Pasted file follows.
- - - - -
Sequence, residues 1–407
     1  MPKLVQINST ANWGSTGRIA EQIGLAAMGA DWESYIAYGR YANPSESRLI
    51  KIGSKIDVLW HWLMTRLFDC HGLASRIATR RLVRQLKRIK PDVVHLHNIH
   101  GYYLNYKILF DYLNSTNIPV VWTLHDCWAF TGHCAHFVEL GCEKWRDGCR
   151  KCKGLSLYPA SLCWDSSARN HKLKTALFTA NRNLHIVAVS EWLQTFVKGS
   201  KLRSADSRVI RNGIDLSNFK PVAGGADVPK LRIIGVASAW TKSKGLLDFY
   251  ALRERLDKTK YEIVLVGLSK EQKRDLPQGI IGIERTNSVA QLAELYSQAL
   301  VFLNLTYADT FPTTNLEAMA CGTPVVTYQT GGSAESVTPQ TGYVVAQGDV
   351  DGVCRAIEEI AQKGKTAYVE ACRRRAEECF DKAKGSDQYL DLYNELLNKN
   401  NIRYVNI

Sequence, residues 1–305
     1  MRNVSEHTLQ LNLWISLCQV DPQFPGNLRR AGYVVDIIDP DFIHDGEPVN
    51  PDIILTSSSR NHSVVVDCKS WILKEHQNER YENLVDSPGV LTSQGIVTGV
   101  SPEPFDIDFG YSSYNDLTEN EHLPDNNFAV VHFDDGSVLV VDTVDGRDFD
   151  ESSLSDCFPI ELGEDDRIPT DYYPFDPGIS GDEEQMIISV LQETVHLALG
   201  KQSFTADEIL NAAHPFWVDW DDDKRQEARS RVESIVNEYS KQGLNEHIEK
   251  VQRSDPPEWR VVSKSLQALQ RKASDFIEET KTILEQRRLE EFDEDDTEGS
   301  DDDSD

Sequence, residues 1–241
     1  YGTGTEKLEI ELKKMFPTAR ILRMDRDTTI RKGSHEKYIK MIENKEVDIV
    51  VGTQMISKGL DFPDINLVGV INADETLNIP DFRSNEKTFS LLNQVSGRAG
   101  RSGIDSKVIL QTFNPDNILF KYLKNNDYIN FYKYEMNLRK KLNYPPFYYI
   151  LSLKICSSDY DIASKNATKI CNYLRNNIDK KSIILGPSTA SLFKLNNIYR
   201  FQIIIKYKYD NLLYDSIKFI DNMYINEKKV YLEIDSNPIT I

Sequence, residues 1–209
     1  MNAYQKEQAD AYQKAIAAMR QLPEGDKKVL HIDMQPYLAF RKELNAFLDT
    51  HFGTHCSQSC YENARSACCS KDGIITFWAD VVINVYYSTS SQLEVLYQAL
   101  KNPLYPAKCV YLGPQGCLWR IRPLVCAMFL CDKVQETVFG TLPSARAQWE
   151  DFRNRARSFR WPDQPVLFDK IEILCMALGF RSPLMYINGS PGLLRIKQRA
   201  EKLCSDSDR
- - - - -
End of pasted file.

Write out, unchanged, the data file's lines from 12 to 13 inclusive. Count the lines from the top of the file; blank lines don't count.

     1  MRNVSEHTLQ LNLWISLCQV DPQFPGNLRR AGYVVDIIDP DFIHDGEPVN
    51  PDIILTSSSR NHSVVVDCKS WILKEHQNER YENLVDSPGV LTSQGIVTGV